by Patrick Huang

Photo Credit: Nutdanai Jitbanjong

Since the 2014 military coup in Thailand, the Thai art community has at times encountered issues with the ruling junta. In mid-2017, military officers visited two art galleries and ordered them to remove controversial photographs without giving any justification.

Likewise, with continuous increases in the budget allocation to the Ministry of Defense in past years, funding for the arts in Thailand is increasingly insufficient. This has led Thailand’s non-profit art oasis, the Bangkok Art and Culture Center (BACC) to consider cutting opening hours, something some also think may be a product of that BACC seemed to be a place where anti-coup protesters were organizing activities.

Under conditions in which freedom is heavily curbed, artists are expected to self-censor. However, instead, one finds that art exhibitions whose themes are steeped in notions of “liberation” are increasingly common. The Khonkean Manifesto would be one such exhibition in recent times. The exhibition was displayed at a desolate building in Khon Kean province in northeast Thailand, a place, where from past to present, locals have always challenged the so-called fair rules.

I had a chance to strike up a brief conversation with Nutdanai “Nut” Jitbanjong, one of the artists who has an art installation at Khonkean Manifesto. Nut attended secondary and high school at Vajiravudh College. Nut’s work delves into Thai history that can seldom be openly discussed in today’s Thai society and explores the inner self.

Patrick Huang:  What is your inspiration to work on art relevant to history and politics?

Nutdanai Jitbanjong:  Well, I don’t think my work is directly related to history and politics. I started from exploring myself. It gave myself time and space to seriously see what is really me. And in order to understand myself, I need to understand the context of where I was born first. It’s culture. Environment. The way people are thinking. All of these elements finally contribute to my final products of artwork today.

PH:  Do you have any model artists? Who?

NJ:  I have some artists who inspire me but it is still difficult to say if they are my model artists. The word “model” seems perfect. [Laughs] Now I like to dip into a big pool of data and have time to muse on. As a researcher of a kind. And the style of my work can vary. It depends on the information at hand.

PH:  Given the current political situation in Thailand, do you have any trouble while working? What about self-censorship?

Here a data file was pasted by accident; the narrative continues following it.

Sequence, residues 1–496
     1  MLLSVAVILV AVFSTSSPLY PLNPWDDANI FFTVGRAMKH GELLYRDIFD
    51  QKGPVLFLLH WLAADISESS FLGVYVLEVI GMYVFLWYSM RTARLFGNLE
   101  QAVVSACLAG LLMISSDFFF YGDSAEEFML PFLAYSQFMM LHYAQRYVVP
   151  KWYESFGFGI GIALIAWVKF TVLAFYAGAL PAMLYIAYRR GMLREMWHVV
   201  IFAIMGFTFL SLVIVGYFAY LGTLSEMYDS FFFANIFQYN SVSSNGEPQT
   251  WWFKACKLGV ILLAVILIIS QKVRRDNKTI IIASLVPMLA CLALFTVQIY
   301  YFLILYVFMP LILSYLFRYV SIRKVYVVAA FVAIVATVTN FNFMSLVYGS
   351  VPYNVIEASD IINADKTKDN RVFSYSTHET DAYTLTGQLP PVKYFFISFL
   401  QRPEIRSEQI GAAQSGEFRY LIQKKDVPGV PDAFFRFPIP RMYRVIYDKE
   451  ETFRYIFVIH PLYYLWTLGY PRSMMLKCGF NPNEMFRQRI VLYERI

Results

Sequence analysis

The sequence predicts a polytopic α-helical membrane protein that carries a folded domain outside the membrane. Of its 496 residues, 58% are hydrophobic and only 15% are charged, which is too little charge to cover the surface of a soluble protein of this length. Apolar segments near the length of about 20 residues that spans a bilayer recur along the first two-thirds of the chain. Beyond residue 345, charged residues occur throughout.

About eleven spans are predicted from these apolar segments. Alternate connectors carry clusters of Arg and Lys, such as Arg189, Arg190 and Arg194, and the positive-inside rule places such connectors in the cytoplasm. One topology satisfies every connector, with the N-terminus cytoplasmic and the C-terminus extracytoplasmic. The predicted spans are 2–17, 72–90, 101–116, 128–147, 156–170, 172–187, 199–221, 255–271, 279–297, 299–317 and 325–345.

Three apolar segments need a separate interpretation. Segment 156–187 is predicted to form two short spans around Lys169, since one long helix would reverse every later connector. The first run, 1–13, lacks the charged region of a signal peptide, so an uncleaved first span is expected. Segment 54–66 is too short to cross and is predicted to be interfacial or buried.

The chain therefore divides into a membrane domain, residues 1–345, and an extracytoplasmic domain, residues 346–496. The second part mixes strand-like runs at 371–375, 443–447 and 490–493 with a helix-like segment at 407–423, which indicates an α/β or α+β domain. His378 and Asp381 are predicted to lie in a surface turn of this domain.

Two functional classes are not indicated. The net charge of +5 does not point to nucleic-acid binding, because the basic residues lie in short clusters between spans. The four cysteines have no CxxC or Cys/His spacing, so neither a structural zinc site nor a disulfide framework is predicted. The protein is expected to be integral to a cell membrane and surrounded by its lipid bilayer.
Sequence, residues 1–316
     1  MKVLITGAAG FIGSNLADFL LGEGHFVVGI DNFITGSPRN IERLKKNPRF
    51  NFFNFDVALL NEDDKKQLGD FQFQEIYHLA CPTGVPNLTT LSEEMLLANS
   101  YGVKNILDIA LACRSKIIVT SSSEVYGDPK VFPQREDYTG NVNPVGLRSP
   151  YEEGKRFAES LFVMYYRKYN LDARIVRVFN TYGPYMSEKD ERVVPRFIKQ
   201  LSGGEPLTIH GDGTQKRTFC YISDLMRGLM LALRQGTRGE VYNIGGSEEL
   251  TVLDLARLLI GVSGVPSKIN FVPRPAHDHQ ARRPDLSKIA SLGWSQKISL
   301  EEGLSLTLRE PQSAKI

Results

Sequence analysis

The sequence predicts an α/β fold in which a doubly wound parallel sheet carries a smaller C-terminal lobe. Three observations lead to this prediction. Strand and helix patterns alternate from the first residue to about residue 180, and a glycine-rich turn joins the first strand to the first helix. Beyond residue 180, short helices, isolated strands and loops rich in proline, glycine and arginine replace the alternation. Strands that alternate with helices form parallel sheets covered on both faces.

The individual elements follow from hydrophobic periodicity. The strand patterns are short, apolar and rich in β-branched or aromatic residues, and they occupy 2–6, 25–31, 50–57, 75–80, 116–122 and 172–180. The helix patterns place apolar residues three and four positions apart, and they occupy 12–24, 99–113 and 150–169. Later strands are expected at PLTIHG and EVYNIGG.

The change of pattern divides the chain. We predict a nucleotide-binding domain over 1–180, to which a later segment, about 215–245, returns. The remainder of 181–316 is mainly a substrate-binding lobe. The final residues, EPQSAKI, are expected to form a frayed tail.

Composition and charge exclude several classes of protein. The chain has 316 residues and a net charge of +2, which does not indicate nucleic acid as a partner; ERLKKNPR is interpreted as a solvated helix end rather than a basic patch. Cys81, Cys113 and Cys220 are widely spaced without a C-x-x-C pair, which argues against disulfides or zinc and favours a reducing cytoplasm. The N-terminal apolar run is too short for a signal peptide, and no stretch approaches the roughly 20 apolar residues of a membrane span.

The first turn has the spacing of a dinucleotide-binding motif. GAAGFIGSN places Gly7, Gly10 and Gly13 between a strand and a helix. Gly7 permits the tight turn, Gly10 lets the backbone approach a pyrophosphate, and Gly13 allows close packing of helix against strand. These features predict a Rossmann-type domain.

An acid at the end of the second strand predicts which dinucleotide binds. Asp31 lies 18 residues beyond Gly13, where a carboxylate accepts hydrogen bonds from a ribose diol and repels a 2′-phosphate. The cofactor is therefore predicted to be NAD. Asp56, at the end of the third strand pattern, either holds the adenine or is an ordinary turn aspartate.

NJ:  I don’t think so. For every work, regardless of who is in power, I have to be careful in communicating. And as for self-censorship, I see it as an opportunity to find creatively different perspectives to present my ideas. This will pave the way for how I can be more masterful and professional in communication.

Photo credit: Nutdanai Jitbanjong

PH:  Your latest show was at Khonkean Manifesto. Could you share your impressions?

NJ:  Sure, it was an “alternative” art exhibition. [Laughs] It was held at a desolate building which used to be an office of a financial institution that happened to close more than 20 years, since the Asian financial crisis in 1997. Khon Kean was the destination chosen because it is the province in which Field Marshal Sarit Thanarat declared the first National Economic and Social Development Plan in 1961. It was to propel Thailand to modernity.

PH:  I have heard that military officers were also visiting. True? What did they do? Are they really art enthusiasts? [Laughs]

NJ:  True. The military was quite put on alert. They were trying to visit before the opening on October 6th. Well, to me, it did not come as a surprise.

PH:  Please tell us about your work.

NJ:  It was a site-specific installation. I intended to dredge up another dark section of Thai history which is still mostly censored out by our powers-that-be. It was concerning the 1976 Thammasat University Massacre. The haunting picture which led to my artwork shows “a dead university student was lynched on a tamarind tree and a civil boy scout slammed a folding a chair on him among an indifferent crowd.” It was taken by photographer Neal Ulevich who later won a Pulitzer Prize in 1977.

My work was a folding chair made of tamarind wood. And on the wall, was dried pig skin representing human skin, dried with heat. The position of the skin was placed in the same position as the folding chair in that incessantly haunting picture. Every time when my gaze was moving between my work and that picture, I felt it was not only an attack on that ill-fated university student but also on every single person who is still crusading for democracy.

At the opening, I had two civil scouts stamp “folding chair” on exhibition-goers’ wrists. I was also trying to communicate that the scouts were a political tool. But this time they were just put in a different context.

PH:  How about the feedback? Did people understand your message? Importantly, did the military understand?

Photo credit: Nutdanai Jitbanjong

NJ:  People seemed to enjoy getting wrist-stamped. I think most people could get the underlying message. But many may not. As I said, it is history that the powers-that-be are attempting to sweep under the rug. And as for the military, they came because it was their duty.

PH:  Well, last but not least…What would you like to say to the readers? Would you like to show your work in Taiwan someday?

NJ:  I’m truly excited. It’s my first interview for the international magazine. I have been on the road of art roughly 2 years (and studying 7 years). The show at Khon Kean is a milestone for me. I could express what I wanted, although the powers-that-be were trying to intervene. As for Taiwan, I haven’t been there. Hopefully, I will soon have a chance to show and discuss my work with Taiwanese fans. See you soon!

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